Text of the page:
If I have a four vector of the form:

$$ \left( \begin{array}{ccc} T\\ \vec{X}\end{array} \right) $$ where $T$ is the analogous time component (i.e. energy, angular frequency, scalar potential, charge density) and $\vec{X}$ is the analogous space component (i.e. momentum, wave number, vector potential, current density).

Then would finding the respective 4-vectors in a different frame be a simple matter of multiplying any four vector by the Boost matrix (for the case where the relative velocity is in the x-direction): $$ \left( \begin{array}{ccc} \gamma & -\beta\gamma & 0 & 0 \\ -\beta\gamma & \gamma & 0 & 0 \\ 0 & 0 & 1 & 0 \\ 0 & 0 & 0 & 1 \end{array} \right) $$ ?

In other words, is the Boost matrix the Lorentz transformation for all objects classified as 4-vectors? Or are there certain 4-vectors whose Lorentz transform is represented by a different matrix?

What about for the case of electric $\vec{E}$ and magnetic fields $\vec{B}$? There are 3 components for each mentioned field, meaning there are 6 quantities that transform in a change of reference frame. I realize there are equations for them, but they don't appear to be related to the Boost matrix.

  • 2
    $\begingroup$ Yes: thats the definition of four-vector (anything that transforms in the same way $(t,\boldsymbol{x})$ does). The electromagnetic field is not a four-vector, but rather a second rank tensor: its transformation properties are a bit more involved. $\endgroup$ Jan 17, 2016 at 9:50

1 Answer 1


Yes, all 4-vectors transform as you state under a Lorentz transform.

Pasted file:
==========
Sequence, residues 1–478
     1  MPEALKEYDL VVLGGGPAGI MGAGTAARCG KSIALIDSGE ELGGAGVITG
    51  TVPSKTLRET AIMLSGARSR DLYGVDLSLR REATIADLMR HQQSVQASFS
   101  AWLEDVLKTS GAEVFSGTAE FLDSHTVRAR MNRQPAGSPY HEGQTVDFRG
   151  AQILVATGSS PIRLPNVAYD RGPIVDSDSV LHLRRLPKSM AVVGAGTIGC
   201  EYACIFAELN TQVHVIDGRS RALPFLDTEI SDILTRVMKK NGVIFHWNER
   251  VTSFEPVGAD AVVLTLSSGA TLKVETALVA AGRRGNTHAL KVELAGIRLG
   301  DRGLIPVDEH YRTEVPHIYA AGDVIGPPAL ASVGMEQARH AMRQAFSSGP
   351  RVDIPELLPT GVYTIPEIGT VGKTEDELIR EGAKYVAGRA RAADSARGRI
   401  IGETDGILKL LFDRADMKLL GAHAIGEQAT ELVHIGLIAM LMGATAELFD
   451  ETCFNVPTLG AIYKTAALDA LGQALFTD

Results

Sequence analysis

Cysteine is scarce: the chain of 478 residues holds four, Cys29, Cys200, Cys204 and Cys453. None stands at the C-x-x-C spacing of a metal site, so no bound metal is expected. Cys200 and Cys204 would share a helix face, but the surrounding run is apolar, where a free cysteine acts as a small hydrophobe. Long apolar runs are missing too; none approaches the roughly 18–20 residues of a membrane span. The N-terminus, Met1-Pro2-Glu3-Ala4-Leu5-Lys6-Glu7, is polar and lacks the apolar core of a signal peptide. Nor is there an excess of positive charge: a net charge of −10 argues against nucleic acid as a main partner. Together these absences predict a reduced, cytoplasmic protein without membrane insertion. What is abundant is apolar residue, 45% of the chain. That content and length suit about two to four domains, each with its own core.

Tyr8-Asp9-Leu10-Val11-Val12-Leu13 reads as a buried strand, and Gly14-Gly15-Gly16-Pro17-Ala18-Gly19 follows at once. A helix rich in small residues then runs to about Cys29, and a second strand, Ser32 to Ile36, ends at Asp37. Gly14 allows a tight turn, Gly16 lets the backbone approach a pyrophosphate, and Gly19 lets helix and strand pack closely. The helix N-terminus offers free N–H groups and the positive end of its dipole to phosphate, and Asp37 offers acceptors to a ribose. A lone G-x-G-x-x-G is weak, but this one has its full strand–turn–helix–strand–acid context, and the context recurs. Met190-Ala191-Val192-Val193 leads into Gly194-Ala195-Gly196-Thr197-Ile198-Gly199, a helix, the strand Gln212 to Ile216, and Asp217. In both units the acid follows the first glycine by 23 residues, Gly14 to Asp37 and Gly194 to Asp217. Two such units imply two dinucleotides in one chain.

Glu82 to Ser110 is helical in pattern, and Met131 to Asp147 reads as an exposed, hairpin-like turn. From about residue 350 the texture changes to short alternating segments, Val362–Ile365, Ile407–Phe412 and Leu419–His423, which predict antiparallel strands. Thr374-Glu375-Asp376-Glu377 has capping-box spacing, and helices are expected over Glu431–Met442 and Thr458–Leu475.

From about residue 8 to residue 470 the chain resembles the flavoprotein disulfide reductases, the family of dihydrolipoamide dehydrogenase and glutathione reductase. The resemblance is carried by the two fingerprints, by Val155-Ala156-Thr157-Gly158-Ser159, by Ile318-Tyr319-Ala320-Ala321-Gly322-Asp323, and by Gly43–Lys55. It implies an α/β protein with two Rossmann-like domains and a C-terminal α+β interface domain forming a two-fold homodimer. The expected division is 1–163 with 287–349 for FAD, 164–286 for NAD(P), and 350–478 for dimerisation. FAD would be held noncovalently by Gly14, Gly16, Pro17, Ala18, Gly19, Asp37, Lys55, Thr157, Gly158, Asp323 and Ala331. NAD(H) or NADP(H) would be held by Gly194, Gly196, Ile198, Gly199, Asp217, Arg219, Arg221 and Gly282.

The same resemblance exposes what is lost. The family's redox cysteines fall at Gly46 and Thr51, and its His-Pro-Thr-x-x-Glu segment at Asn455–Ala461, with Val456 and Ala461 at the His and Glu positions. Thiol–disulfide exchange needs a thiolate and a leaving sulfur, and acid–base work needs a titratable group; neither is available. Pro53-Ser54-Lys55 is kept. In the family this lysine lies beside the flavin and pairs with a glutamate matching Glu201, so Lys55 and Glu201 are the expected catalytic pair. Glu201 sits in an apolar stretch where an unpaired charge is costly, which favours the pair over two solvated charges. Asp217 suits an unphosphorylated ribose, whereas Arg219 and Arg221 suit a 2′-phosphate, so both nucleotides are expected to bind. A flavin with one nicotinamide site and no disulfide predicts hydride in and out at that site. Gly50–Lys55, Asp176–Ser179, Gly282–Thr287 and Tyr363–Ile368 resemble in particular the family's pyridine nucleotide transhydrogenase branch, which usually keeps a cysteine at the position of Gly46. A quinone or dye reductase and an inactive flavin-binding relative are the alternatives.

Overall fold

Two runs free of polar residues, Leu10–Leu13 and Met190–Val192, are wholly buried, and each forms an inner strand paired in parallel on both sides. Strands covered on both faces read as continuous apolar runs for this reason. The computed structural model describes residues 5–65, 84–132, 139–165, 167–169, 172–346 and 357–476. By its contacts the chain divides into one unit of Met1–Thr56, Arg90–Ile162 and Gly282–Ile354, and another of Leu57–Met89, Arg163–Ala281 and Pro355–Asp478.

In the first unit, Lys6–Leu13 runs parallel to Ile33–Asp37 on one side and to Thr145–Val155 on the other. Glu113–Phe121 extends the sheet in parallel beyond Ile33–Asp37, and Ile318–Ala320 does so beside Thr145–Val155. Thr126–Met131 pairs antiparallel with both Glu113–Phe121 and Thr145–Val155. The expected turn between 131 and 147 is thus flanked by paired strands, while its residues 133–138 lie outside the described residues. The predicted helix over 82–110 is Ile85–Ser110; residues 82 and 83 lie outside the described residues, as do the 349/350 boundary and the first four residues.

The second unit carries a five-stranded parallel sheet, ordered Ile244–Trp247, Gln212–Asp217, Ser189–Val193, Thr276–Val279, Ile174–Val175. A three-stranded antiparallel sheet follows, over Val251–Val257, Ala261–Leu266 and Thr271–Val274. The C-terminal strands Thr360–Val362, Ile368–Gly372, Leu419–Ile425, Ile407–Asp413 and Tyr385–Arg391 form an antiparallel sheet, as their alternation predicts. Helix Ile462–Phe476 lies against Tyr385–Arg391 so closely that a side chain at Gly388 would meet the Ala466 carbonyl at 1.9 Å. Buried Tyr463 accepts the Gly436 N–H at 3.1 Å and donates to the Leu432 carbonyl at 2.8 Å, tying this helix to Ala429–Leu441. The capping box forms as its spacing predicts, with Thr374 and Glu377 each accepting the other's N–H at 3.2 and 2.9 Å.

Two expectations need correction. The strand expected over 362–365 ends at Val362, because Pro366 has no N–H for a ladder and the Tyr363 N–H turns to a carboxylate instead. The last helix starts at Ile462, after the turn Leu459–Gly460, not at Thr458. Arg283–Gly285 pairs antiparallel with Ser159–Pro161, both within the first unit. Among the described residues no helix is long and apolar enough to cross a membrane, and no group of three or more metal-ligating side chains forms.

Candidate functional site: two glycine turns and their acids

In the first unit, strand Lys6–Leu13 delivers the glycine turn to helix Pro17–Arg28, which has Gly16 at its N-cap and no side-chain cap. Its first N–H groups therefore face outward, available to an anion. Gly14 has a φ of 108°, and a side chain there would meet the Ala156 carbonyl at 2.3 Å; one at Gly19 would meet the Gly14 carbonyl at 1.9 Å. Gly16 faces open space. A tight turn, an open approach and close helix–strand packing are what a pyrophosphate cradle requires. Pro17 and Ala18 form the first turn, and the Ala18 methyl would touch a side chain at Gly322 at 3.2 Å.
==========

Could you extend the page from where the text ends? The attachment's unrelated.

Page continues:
For the case of $\vec E$ and $\vec B$, they are indeed not 4-vectors. There are two ways of transforming the $\vec E$ and $\vec B$ fields to different coordinate frames. You can define the $A$ 4-vector in terms of the potential functions $\phi$ and $\vec A$, letting \begin{equation} A = \begin{pmatrix}\frac{\phi}{c}\\\vec A\end{pmatrix}. \end{equation} Then $A$ transforms as a 4-vector and you can get the fields back from the standard relations $\vec E = -\nabla \phi - \frac{d\dot A}{dt}$, $\vec B = \nabla \times \vec A$.

Or you can define a certain 4x4, rank-2 tensor $F$, which is written directly in terms of $\vec E$ and $\vec B$, where \begin{equation} F^{\mu \nu} = \begin{pmatrix} 0 & -E_x/c & -E_y/c & -E_z/c \\ E_x/c & 0 & -B_z & B_y \\ E_y/c & B_z & 0 & -B_x \\ E_z/c & -B_y & B_x & 0 \end{pmatrix}. \end{equation} Then you can transform this tensor, using standard rules for transforming tensors between coordinate systems, and pick out the components of $\vec E$, $\vec B$ in the transformed system. $F$ is used much more in Lagrangian treatments of electrodynamics.


Your Answer

By clicking “Post Your Answer”, you agree to our terms of service and acknowledge you have read our privacy policy.

Not the answer you're looking for? Browse other questions tagged or ask your own question.